Rent limits for the LIHTC Program are determined so that a household making the maximum income for the expected household size of the unit would only pay 30% of their income for rent.

For example, the expected household size for a two bedroom apartment is 3 people. Using the table above, the maximum income for a 3 person household at 60% of the AMI in Boston is $52,980 a year, or $4,415 a month. To determine the maximum rent in the table below we multiply the monthly maximum income, $4,415 by 30% to get a maximum rent of $1,325 a month.

Rent for units in the LIHTC Program include a utility allowance which is determined by the average monthly cost of utilities paid directly by residents. This allowance has not been subtracted from the rents in the table below. These utility allowances are set on a property by property basis.

% of AMI Studio 1 Bed 2 Bed 3 Bed 4 Bed 5 Bed
50% $859 $920 $1,104 $1,276 $1,423 $1,570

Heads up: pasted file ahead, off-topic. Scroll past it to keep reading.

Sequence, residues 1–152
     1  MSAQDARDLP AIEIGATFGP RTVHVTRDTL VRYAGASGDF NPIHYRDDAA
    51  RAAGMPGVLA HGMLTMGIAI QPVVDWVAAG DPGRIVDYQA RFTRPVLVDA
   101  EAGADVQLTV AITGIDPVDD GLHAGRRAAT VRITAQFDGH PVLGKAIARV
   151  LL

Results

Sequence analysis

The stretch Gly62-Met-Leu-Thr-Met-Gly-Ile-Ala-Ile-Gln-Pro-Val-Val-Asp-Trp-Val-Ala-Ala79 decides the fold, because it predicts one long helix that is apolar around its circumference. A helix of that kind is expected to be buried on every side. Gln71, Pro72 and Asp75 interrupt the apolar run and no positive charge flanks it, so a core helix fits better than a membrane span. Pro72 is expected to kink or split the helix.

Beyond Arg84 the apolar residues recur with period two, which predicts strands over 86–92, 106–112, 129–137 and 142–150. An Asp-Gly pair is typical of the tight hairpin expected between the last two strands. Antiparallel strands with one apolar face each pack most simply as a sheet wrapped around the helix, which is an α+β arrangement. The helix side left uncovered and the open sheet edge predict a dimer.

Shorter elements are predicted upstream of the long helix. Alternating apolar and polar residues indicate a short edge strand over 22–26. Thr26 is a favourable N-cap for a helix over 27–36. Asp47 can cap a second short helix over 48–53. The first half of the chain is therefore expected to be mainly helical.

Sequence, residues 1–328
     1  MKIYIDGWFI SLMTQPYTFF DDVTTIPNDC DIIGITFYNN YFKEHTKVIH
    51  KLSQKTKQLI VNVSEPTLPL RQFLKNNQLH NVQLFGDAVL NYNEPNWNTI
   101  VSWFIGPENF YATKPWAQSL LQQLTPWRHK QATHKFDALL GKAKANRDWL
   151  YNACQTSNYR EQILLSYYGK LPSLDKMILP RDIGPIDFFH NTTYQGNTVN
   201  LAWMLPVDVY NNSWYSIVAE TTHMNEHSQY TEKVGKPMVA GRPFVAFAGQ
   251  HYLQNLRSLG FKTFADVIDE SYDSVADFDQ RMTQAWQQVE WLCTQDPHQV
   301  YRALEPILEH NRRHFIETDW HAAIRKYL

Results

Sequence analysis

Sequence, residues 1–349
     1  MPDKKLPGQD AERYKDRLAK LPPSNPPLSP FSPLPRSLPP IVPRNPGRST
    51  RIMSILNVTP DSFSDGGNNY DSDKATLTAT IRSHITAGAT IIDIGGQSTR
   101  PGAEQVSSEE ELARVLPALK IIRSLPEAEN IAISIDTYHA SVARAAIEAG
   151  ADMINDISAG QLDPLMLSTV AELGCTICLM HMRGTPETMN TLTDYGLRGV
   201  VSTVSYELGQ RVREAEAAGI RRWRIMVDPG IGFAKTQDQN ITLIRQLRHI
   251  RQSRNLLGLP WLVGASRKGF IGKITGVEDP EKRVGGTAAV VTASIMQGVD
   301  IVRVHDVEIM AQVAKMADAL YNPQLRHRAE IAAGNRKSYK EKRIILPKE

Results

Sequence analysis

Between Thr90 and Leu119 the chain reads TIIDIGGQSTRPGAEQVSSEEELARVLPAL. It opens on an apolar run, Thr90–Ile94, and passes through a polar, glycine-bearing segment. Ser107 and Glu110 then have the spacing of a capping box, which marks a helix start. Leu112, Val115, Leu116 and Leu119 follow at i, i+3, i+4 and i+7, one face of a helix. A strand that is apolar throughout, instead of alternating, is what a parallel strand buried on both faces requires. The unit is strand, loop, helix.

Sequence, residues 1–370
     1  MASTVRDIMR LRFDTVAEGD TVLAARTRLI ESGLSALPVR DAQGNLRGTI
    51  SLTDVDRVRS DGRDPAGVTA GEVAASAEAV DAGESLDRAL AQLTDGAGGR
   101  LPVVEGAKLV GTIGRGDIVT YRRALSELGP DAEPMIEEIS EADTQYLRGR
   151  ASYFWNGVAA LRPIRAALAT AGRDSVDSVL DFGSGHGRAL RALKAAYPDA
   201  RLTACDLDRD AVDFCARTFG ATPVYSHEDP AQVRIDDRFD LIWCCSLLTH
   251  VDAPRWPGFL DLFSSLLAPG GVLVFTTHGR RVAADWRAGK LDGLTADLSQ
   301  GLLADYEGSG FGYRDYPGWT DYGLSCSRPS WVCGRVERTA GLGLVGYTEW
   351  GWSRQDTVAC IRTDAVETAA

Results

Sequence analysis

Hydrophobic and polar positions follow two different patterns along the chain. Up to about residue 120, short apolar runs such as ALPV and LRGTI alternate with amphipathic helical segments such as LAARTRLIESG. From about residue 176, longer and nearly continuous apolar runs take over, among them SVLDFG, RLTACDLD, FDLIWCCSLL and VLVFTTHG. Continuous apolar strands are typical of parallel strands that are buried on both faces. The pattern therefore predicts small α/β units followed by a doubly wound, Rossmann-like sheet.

60% $1,031 $1,104 $1,325 $1,531 $1,707 $1,884
Rental Assistance in Boston

Rental assistance is a type of housing subsidy that pays for a portion of a renter’s monthly housing costs, including rent and tenant paid utilities. This housing assistance can come in the form of Section 8 Housing Choice Vouchers, project-based Section 8 contracts, public housing, USDA Rental Assistance (in Section 515 properties) as well as HUD Section 202 and 811 properties for elderly and disabled households.

You can identify apartment communities that participate in a program that provides rental assistance by looking for the tags in the apartment list above. View Apartments.

HUD Rental Assistance Income Limits

To qualify for most rental assistance programs a renter must earn no more than 50% of the Area Median Income (AMI). In some cases, rental assistance is reserved for renters earning 30% or less of the AMI. In Boston, to qualify for Section 8 assistance, a renter household containing four persons must earn $49,050 or less. For some targeted rental assistance programs, a renter household of four can’t earn more than $29,450.

It’s important to remember that in many rental assistance programs there are minimum rent regulations requiring assistance recipients to make a minimum payment of between $25 and $50 per month no matter how low their income.

% of AMI 1 Person 2 Persons 3 Persons 4 Persons 5 Persons 6 Persons 7 Persons 8 Persons
30% $20,650 $23,600 $26,550 $29,450 $31,850 $34,200 $36,730 $40,890
50% $34,350 $39,250 $44,150 $49,050 $53,000 $56,900 $60,850 $64,750
80% $51,150 $58,450 $65,750 $73,050 $78,900 $84,750 $90,600 $96,450